A picture is worth a thousand words. This old saying will continue to be true. However, the credibility of the thousand words would now be held in doubt from the day you go in for computer manipulation of images. (It is inevitable that you will.) Some years back, I reported on a case of the Forest Department employing children for work in their nurseries near Kallar in Thiruvananthapuram district in violation of several laws. I had seen the children working, and the report was carried by THE HINDU which enjoyed a high degree of credibility. Despite that, the Forest Minister denied it on the floor of the Assembly. He said that the children were there with their mothers who were actually the ones working there. (The payments were being made in the name of their mothers.) Next day, we carried a follow up showing an overview of the nursery with the caption that no mothers were around. The children were seen working with shovels. Only two grown ups were amidst them. That was evidence which cannot be easily refuted. Even a newspaper with low credibility could use such a picture to prove its point. But the situation has changed now. If mothers are present in such a picture today, they could be easily edited out using latest image processing technology. The background can be changed and the number of children increased, if needed. The credibility of a picture will now dependent on the credibility of the newspaper and the photojournalist. In other words, the credibility of a photograph would be the same as that of the printed word. Thus, the profession losses the strength of one of its tools as capabilities of the tool are enlarged by modern technology.
Besides, the wide scope for manipulation of pictures now throws up several ethical issues. This would range from issues like whether an electric line in the foreground or a disturbing background could be edited out to whether one could change the appearance of a person. Many would countenance the editing out of a disturbing background or the like, but what about editing out distances or the like. Some time back, a newspaper published a picture of a policeman running after a few demonstrators with a lathi. The distance between the policeman and the `victims' was drastically cut through computer manipulations. This gave a better effect. Instead of a picture of a policeman chasing away some demonstrators, it looked as if the policeman was about to hit one of them. Is this ethical? In the past also, use of telephoto lenses tended to shrink distances. This was something known to many and they could arrive at a correct assessment of the distances. However, now the situation has reached an unacceptable extreme. Unlike in the case of telephoto lenses, the reader may not be able to guess that the picture has been electronically manipulated. This is true of video footage also.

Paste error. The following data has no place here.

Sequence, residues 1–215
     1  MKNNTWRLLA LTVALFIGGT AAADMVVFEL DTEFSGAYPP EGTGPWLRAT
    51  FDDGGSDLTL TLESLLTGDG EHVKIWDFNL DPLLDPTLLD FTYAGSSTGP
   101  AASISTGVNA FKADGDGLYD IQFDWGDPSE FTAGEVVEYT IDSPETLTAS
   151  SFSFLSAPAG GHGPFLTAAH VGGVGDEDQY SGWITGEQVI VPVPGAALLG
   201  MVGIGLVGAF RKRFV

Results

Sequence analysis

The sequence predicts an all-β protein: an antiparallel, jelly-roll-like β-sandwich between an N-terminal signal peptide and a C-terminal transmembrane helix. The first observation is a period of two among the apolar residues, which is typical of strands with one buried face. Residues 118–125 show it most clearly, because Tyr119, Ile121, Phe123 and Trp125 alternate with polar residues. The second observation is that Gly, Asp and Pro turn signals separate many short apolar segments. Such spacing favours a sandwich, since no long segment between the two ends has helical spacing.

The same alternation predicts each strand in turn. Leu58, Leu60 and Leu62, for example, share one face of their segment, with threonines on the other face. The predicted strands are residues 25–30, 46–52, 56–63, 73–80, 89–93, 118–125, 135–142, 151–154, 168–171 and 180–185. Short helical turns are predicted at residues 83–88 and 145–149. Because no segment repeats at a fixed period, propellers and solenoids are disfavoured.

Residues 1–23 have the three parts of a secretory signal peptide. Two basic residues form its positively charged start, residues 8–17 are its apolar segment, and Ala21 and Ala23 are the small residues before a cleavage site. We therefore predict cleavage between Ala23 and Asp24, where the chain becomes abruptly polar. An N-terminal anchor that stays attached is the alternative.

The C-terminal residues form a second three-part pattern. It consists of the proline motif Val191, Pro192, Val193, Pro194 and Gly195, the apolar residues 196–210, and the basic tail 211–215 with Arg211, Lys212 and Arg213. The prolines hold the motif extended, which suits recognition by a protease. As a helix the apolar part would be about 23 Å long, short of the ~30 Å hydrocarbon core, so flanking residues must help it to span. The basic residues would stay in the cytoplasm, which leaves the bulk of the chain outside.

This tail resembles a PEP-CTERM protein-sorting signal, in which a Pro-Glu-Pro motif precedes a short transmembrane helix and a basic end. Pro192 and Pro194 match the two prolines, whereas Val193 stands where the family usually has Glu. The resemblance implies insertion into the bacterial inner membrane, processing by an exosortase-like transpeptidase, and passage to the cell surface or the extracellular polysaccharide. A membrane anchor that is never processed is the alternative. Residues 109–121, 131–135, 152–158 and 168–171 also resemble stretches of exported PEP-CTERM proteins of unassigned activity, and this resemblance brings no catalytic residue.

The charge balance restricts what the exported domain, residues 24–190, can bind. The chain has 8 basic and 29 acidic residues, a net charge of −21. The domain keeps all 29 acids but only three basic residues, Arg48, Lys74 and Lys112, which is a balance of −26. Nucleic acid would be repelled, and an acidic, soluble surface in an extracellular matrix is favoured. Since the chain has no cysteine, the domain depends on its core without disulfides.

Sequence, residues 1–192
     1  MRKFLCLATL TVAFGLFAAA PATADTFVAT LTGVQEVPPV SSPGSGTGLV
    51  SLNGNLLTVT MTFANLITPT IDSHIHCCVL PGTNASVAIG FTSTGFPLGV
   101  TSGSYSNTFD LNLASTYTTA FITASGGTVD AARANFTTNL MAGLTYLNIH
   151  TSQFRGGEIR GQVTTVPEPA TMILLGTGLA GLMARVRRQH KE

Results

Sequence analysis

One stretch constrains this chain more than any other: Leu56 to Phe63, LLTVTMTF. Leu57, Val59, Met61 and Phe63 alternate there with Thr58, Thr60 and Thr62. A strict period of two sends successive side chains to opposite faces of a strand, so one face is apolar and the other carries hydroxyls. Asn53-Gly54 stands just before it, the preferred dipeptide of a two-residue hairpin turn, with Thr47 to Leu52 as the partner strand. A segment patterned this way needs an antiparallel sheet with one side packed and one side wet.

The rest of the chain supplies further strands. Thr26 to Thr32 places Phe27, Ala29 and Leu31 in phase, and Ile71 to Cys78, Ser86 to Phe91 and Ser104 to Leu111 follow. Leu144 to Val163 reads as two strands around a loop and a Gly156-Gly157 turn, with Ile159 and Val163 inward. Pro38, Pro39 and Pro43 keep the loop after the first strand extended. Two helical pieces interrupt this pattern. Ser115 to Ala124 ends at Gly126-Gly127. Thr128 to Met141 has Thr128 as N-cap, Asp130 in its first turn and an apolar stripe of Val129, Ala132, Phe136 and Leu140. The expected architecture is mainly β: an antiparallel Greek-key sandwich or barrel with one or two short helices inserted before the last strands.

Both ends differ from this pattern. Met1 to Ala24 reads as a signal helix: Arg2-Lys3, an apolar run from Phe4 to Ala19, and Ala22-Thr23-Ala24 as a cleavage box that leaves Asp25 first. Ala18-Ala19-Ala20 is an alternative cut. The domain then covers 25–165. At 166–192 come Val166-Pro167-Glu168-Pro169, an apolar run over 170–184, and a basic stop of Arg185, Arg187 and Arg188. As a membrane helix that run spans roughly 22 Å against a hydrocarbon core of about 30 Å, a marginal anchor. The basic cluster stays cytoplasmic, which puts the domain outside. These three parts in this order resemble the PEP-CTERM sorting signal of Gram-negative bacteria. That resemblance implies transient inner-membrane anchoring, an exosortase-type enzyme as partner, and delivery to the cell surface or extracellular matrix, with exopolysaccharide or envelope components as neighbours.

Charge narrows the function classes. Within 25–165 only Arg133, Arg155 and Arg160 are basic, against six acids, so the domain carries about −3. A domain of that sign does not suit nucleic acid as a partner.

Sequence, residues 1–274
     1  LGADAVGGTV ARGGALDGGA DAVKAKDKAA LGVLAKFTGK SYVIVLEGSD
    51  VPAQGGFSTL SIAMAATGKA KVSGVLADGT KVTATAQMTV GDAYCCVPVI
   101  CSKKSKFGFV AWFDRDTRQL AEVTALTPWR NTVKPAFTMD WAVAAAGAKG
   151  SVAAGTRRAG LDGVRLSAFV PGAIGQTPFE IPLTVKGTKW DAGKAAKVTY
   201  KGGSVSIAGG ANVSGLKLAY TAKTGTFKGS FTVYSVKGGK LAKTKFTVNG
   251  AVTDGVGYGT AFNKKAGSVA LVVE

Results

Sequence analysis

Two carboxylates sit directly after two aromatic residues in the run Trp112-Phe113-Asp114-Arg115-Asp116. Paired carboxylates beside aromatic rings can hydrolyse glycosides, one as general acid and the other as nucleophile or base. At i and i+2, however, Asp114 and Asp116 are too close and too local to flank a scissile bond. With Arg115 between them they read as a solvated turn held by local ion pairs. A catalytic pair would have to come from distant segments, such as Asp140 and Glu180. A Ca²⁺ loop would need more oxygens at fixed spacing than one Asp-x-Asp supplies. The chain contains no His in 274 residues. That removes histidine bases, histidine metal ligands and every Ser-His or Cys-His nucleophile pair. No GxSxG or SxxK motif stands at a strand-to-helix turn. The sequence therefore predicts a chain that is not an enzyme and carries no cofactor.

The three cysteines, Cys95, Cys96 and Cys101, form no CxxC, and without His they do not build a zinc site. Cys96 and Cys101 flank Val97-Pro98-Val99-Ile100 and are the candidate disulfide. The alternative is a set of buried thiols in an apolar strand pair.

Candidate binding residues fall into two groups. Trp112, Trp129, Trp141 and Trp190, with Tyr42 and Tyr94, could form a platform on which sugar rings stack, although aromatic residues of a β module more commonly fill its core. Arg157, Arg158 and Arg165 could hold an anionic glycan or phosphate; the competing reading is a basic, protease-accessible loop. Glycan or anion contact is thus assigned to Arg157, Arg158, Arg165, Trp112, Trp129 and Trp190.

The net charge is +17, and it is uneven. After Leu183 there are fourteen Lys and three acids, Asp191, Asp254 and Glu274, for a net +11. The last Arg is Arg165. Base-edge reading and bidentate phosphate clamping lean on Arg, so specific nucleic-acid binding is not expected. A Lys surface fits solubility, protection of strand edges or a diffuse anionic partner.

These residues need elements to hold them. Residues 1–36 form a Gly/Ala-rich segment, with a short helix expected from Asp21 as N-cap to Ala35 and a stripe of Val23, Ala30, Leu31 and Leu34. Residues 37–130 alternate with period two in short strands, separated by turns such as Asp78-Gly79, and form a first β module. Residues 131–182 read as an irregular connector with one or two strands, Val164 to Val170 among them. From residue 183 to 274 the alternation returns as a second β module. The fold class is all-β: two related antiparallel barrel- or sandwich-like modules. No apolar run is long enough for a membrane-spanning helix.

Similarly, photo finishing, including touching of the negatives, was used by photographers for many decades to improve portraits. Now, there is no limit to how far one can improve or damage a portrait. One can even strip a person of his or her cloths. Where would one set the limits?
Similarly, a sub-editor handling the copy of a novice may need to bring an important point buried deep in the story to the top. Now, he can do it with a few strokes of keys. The word processor also provides many other features useful to the journalist which I do not hazard to list here. But, one facility which needs special mention is the ability of word processors to insert other files in the copy. Files can be easily combined and material from archives inserted into the body.
Maintenance and retrieval of material from newspaper morgues (for those unfamiliar with the term, "the morgue is where we keep obituaries of living people, especially the famous ones, until they are dead". But nowadays, many other things are also kept in the morgue) have become easier and quicker with electronic medium. The archives can be easily searched and retrieved material incorporated into copy. It is time that every publisher of newspapers and magazines worth the name has an electronic equivalent of a morgue.
Word processing and archiving have also brought in its own evils, or better say, devils. Most publications have practically abandoned proof-reading, leaving the job to spell check engines of word processors. But spell check engines have their own limitations. It will not flag a spelling mistake if spelling is wrong only in the current context. For example, the engine would pass the word if you type `their' where `there' is needed. A more dreaded mistake in publishing like `public' getting printed without the `l' can also go unnoticed this way.